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Ministry or department, also less commonly used secretariat, office, or directorate are designations used by a first-level executive bodies in the machinery of governments that manage a specific sector of public administration.
These types of organizations are usually led by a politician who is a member of a cabinet—a body of high-ranking government officials—who may use a title such as minister, secretary, or commissioner, and are typically staffed with members of a non-political civil service, who manage its operations; they may also oversee other government agencies and organizations as part of a political portfolio. Governments may have differing numbers and types of ministries and departments. In some countries, these terms may be used with specific meanings: for example, an office may be a subdivision of a department or ministry.
In Canada, first-level subdivisions are known as provinces and territories. Five of the ten provincial governments use the term ministry to describe their departments (Ontario, Quebec, Saskatchewan, British Columbia, and Alberta) but the other five, as well as the three territorial governments, use the term department. Despite the difference in nomenclature, both the provincial and federal governments use the term "minister" to describe the head of a ministry or department. The specific task assigned to a minister is referred to as his or her "portfolio".
In the United Kingdom, all government organisations that consist of civil servants, and which may or may not be headed by a government minister or secretary of state, are considered to be departments. Until 2018, the term "ministry" had been retained only for the Ministry of Defence and the Ministry of Justice. On 8 January 2018, Prime Minister Theresa May announced that the Department of Communities and Local Government would be renamed at the Ministry of Housing, Communities and Local Government to emphasise her government's prioritising of housing policy.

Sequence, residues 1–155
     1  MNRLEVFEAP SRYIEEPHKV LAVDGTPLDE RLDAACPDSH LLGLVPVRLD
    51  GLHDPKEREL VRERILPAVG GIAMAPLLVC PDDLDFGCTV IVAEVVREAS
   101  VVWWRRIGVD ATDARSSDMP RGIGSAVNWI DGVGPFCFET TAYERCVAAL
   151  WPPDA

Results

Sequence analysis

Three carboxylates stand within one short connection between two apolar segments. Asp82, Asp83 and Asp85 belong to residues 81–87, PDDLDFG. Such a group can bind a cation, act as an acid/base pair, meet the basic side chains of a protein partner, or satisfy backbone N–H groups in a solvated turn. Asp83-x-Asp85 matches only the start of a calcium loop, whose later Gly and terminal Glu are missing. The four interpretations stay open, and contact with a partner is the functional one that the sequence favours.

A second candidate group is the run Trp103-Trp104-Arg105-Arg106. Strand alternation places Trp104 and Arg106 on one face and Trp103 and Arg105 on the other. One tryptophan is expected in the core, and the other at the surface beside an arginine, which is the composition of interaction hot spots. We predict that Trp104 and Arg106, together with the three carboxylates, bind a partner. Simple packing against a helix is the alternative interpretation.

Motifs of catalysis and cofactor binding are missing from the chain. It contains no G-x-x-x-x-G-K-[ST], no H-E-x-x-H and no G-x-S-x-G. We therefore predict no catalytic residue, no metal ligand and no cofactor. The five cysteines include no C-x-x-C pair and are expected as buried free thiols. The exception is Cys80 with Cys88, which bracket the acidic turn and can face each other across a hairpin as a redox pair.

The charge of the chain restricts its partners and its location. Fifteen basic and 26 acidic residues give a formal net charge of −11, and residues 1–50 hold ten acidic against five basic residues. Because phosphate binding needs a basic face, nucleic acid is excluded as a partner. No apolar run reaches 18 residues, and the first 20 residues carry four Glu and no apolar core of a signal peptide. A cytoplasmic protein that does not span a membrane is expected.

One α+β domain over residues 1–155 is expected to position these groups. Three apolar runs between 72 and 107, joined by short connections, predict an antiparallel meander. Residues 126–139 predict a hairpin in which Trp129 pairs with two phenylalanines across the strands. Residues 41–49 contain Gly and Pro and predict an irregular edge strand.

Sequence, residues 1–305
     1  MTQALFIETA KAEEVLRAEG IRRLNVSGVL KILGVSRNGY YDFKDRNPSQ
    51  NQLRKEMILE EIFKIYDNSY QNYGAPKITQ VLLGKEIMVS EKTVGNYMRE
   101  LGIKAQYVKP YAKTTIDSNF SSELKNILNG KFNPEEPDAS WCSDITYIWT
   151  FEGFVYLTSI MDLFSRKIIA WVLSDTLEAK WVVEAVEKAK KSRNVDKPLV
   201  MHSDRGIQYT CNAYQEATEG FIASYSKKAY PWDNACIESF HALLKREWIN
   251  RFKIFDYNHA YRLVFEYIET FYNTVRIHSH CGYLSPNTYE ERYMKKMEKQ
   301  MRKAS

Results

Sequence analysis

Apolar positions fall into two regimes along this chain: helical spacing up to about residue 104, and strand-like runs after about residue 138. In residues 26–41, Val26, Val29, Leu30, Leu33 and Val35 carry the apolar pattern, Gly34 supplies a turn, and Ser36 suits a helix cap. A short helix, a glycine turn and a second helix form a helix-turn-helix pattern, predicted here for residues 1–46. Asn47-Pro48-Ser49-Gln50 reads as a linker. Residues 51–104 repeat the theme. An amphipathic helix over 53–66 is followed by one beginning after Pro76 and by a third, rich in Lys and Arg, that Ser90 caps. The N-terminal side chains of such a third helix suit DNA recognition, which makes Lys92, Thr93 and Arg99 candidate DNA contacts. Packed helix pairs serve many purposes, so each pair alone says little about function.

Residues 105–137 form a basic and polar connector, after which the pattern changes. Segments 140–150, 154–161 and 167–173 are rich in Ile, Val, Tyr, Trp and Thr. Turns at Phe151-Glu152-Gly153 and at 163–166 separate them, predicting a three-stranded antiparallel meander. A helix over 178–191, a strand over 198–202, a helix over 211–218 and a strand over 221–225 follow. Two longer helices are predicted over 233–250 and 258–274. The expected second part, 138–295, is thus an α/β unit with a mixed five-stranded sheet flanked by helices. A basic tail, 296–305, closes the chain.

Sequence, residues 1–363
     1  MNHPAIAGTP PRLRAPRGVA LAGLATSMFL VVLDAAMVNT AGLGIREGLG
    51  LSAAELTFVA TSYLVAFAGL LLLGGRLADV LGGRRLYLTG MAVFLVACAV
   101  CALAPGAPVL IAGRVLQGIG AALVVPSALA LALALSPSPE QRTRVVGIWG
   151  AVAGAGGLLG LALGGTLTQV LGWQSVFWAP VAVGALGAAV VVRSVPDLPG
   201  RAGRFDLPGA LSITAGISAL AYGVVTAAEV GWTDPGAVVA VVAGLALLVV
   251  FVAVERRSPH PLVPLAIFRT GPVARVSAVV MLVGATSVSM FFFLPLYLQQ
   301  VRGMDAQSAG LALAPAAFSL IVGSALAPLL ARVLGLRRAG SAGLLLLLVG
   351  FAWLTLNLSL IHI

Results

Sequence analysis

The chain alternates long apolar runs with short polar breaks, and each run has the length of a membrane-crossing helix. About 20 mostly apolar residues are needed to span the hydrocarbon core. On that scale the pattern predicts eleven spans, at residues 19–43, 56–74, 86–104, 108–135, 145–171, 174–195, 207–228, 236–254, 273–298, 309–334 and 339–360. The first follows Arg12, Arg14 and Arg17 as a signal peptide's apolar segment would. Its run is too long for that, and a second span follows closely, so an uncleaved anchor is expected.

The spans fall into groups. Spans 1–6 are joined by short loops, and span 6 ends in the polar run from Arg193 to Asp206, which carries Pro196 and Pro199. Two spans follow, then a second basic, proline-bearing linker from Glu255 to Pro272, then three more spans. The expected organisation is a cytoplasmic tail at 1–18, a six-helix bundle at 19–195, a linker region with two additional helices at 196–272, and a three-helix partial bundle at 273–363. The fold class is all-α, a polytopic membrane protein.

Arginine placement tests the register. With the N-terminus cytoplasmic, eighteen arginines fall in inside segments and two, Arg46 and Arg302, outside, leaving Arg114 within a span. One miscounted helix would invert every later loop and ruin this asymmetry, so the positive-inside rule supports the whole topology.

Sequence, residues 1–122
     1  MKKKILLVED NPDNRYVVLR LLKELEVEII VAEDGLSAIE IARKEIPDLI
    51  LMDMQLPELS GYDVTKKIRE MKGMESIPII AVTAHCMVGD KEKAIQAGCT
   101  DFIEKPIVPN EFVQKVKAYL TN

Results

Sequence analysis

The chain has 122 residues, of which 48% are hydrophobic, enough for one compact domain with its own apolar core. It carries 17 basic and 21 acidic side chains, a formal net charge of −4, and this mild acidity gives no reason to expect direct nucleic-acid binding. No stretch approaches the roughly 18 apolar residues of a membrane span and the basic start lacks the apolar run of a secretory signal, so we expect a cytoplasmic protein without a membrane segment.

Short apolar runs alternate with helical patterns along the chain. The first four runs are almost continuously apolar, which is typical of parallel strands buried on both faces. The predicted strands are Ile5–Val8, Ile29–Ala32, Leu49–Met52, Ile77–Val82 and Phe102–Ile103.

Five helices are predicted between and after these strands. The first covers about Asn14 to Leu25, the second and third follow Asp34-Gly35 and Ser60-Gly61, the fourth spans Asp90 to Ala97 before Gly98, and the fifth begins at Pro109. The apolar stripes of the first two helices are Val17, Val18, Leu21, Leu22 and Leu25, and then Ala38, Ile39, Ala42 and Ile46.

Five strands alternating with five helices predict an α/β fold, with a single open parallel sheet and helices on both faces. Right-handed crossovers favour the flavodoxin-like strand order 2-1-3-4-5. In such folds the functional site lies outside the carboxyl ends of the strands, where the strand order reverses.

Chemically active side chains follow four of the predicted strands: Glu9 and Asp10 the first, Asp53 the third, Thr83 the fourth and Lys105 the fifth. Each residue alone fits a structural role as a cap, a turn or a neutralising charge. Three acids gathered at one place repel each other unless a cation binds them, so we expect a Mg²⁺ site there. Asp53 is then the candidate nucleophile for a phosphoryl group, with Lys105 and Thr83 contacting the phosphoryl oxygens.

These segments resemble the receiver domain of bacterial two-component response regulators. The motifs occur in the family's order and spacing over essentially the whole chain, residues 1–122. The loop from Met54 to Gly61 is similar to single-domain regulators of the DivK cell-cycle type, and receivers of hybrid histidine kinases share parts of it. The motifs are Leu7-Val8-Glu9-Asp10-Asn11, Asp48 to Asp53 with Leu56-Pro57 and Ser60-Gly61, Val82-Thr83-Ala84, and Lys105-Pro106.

Some countries, such as Switzerland, the Philippines and the United States, do not use or no longer use the term "ministry" and instead call their main government bodies "departments". However, in other countries such as Luxembourg a department is a subdivision of a ministry, usually led by a government member called a secretary of state who is subordinate to the minister.
In Australia at the federal level, and also at the state level, the term Ministry refers to the ministerial office held by a member of Cabinet, the executive, which is then responsible for one or more departments, the top division of the public service. The collection of departments responsible to a ministerial office and hence the minister, is referred to as the minister's "portfolio".
New Zealand's state agencies include many ministries and a smaller number of departments. Increasingly, state agencies are styled neither as ministries nor as departments. All New Zealand agencies are under the direction of one or more ministers or associate ministers, whether they are styled ministries or not. Each body also has an apolitical chief executive, and in ministries and departments these chief executives often have the title of Secretary.
In Hong Kong, the term bureau is used, and departments are subordinate to the bureaus.
In Mexico, ministries are referred to as secretariats.
In 1999, the ministries of the federal government of Belgium became known as federal public service, the exception being the Ministry of Defense which kept the original designation.
In Republic of China, ministry is used.
In People's Republic of China, ministry is used.
In Portugal, the organization adopted by the XXI (2015-2019) and the XXII (since 2019) governments ceased to expressly foresee the existence of ministries, with the portfolios of the ministers being referred as "governative areas". While some governative areas inherited the previously established ministerial organizations and continued to structured as traditional ministries (Finance, National Defense, Foreign Affairs, etc.), the other governative areas received a more flexible organization.
In Lebanon, there are 21 ministries. Each ministry is led by a minister, and the Prime Minister is the 23rd minister of the Lebanese government.
In the European Union, the equivalent organisation to a national government department is termed directorate-general with the civil servant in charge called a director-general (in the European Commission, the political head of the department is one of the European Commissioners).
The government departments of the Soviet Union were termed people's commissariats between 1917 and 1946. Ministry was used, thereafter.
The term ministry has also been widely used in fiction, notably in satires and parodies.
Portrayals of various fictional government ministries include: